Anxiety reducing medication might also have helped immensely.

And I've got to stop with the medical treatment of fictional characters who I know didn't get it and whose stories are not going to be rewritten. But still.

Ellen
fernwithy From: fernwithy Date: September 8th, 2009 02:54 am (UTC) (Link)
It really was a very nasty series of blows. No matter how nasty she was before, I think that sort of thing would be what would drive her over the edge into raving hag we saw in the portrait.
silvery_wraith From: silvery_wraith Date: September 7th, 2009 06:30 pm (UTC) (Link)
Oh Walburga...just too little too late. That was immensely bittersweet to read, Fern.

Seems like Sirius is well on the way to following in his mother's footsteps between his own downward spiral and his suspicions of Snape not being taken seriously.
alkari From: alkari Date: September 7th, 2009 09:34 pm (UTC) (Link)
and his suspicions of Snape not being taken seriously. Well, Sirius was very largely right - Snape *was* a Death Eater, and as we saw when he came to Dumbledore begging for Lily's protection, he didn't give two hoots for James (understandable) or for poor little innocent baby Harry. Nothing Snape ever did was for Harry himself as a person, and for all that he carried a torch for Lily, Snape spent six years being thoroughly vindictive towards her son.
fernwithy From: fernwithy Date: September 8th, 2009 02:55 am (UTC) (Link)
Yeah. Sirius is dead right about Snape, except in which side he's (technically) on.
chrischewscud From: chrischewscud Date: September 7th, 2009 10:19 pm (UTC) (Link)
Oh, the Black Family legacy: brilliance and insanity.

Man, I would've loved to see Sirius go at Dumbledore for the sh** he put Harry through!
fernwithy From: fernwithy Date: September 8th, 2009 02:55 am (UTC) (Link)
He may have at some point, like when DD suggested that no one tell Harry what was going on over the summer. Maybe I'll have a chance to write that.
From: (Anonymous) Date: September 8th, 2009 12:05 am (UTC) (Link)

i'm confused on what exactly is sirius doing?

what information is he looking for?

and good to know he takes what his mother said with a grain of salt.
I mean if Walburga didn't like Dumbledore before of course she wasn't going to start liking him. and the way i see it she agreed with the whole DE mind-set of blood purity and hated people like Dumbledore because of differences
so of course when tragedy strikes home is she going to blame herself? no she blames dumbledore. and the same way she tried to justify her prejudice, she comes up with a story to justify keep on hating Dumbledore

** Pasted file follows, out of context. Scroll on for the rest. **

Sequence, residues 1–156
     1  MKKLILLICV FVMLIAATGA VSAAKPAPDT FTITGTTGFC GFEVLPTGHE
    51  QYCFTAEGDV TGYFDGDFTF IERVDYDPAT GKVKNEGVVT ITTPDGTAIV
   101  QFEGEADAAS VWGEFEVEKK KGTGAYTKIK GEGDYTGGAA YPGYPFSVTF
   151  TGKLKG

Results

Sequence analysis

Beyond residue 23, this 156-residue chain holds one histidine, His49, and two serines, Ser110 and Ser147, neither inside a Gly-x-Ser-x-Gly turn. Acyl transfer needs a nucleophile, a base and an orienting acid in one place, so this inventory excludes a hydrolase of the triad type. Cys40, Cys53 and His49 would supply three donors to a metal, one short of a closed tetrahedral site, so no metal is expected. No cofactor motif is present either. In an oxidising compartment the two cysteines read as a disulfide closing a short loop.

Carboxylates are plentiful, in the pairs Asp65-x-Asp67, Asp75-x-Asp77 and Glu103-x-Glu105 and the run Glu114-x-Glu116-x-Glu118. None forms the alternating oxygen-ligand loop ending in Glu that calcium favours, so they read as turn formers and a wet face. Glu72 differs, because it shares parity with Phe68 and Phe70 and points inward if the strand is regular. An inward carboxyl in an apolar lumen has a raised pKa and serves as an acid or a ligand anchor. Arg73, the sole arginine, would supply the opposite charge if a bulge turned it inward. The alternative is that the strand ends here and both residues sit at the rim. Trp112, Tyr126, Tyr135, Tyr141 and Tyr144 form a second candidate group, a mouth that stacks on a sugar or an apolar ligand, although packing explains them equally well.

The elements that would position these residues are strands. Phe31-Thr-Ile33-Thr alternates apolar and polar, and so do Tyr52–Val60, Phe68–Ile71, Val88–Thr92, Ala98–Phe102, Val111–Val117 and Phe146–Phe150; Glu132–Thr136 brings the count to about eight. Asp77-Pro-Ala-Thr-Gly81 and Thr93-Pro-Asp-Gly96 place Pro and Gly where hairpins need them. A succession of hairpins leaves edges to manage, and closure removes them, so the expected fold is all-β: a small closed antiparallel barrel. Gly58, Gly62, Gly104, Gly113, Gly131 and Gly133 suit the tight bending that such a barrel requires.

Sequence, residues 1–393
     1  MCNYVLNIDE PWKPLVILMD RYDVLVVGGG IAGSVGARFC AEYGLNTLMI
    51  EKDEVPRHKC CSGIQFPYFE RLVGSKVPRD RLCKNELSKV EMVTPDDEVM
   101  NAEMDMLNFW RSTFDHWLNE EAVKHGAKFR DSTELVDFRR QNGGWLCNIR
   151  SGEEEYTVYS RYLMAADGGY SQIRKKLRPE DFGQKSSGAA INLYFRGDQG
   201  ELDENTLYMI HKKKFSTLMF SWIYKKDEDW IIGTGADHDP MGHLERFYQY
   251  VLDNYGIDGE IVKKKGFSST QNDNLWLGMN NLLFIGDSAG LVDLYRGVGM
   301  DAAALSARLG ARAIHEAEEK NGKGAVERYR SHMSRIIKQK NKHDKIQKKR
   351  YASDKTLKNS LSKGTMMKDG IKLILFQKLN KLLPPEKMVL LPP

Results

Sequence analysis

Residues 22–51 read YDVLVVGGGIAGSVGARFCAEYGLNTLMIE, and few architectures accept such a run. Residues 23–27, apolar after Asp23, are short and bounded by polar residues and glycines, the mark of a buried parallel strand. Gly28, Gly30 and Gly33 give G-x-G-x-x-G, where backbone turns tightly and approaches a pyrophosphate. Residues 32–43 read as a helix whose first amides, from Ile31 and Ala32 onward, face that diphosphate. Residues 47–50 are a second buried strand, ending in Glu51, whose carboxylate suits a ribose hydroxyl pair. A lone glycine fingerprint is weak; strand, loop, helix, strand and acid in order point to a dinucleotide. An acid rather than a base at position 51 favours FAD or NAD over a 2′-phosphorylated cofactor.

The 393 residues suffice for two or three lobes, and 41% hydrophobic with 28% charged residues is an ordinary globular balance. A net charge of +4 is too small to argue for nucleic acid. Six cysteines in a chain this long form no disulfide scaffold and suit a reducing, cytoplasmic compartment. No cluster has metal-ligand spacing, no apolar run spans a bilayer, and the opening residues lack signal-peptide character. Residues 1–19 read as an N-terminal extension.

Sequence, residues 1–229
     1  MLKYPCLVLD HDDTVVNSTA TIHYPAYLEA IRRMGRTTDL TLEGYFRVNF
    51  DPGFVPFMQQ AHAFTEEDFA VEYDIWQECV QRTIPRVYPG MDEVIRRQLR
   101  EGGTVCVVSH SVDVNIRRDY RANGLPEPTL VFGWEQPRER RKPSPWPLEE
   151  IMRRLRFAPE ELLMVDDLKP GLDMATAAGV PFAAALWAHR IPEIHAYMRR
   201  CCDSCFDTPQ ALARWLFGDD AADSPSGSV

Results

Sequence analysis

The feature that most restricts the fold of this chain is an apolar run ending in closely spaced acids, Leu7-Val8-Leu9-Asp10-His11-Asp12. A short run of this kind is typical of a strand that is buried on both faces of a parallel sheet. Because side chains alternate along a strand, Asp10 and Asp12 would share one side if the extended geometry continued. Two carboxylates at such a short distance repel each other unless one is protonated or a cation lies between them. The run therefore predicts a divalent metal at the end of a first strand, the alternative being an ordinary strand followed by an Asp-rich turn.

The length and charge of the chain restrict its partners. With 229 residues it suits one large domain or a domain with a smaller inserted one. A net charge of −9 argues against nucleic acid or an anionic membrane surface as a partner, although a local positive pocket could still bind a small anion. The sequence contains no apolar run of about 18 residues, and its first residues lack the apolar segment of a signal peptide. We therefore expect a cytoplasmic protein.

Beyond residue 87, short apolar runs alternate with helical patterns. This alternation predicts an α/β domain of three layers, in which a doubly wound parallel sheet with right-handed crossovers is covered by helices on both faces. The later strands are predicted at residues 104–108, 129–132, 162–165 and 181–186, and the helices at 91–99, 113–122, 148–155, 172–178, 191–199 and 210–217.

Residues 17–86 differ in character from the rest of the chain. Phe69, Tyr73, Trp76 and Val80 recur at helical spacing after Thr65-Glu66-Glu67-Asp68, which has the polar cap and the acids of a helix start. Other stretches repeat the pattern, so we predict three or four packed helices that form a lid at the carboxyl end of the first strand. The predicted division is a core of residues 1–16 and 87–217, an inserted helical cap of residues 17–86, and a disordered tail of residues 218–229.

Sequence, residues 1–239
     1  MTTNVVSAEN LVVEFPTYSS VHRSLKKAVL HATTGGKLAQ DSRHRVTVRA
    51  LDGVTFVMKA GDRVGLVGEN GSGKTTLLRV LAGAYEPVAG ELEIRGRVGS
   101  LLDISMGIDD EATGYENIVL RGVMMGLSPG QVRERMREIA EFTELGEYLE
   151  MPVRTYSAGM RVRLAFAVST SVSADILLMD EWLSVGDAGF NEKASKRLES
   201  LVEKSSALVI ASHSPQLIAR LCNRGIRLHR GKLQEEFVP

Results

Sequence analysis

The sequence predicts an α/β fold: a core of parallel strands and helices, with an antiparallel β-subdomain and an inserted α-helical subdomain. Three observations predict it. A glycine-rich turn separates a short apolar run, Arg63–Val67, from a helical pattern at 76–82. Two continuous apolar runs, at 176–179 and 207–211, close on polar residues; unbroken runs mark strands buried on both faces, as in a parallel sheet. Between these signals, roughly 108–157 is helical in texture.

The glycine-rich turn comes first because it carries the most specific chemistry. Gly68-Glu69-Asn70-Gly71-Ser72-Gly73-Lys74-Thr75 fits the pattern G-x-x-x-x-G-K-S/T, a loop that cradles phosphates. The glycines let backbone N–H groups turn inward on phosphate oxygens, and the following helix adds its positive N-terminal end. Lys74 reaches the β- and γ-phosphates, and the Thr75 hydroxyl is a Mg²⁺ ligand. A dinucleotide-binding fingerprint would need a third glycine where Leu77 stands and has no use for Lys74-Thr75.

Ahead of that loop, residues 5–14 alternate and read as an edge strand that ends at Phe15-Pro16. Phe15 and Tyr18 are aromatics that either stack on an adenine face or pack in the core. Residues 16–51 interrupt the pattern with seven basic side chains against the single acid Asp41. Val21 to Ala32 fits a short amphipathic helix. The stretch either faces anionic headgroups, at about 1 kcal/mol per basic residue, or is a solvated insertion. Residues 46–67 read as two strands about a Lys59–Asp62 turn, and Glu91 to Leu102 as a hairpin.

and there is this quote i don't understand:

"If Dumbledore was wrong, though, and Snape was involved, then he'd find out just how easy he'd had it with James."

what is he meaning by that?
fernwithy From: fernwithy Date: September 8th, 2009 02:57 am (UTC) (Link)

Re: i'm confused on what exactly is sirius doing?

i'm confused on what exactly is sirius doing?

He's wasting a month between getting Harry's letter and responding to it. ;p

You're right about that last line. I'll see what I can do with it. But what he basically means is that Snape thinks James was the worst of them and put him through hellish taunts in school, but if Sirius finds out he's trying to hurt Harry, he's going make James look like his dearest, bosom friend.
From: severely_lupine Date: September 8th, 2009 02:05 am (UTC) (Link)
Besides, he's a half-blood, remember? And he was always Lily's friend, right up until--"

"Until he started calling her a Mudblood," Sirius reminded him.


This addresses a question I've wondered about since DH: did Lupin and Sirius know that Lily and Snape were friends? On the one hand, you'd think they'd notice it, but the utter lack of any sort of comment on the subject at any point makes me think that, while I'm quite sure James knew, maybe the others didn't.

I feel as if I might have already mentioned this on a previous section of this story, but I can't remember.
alkari From: alkari Date: September 8th, 2009 02:55 am (UTC) (Link)
but the utter lack of any sort of comment on the subject at any point makes me think that, while I'm quite sure James knew, maybe the others didn't.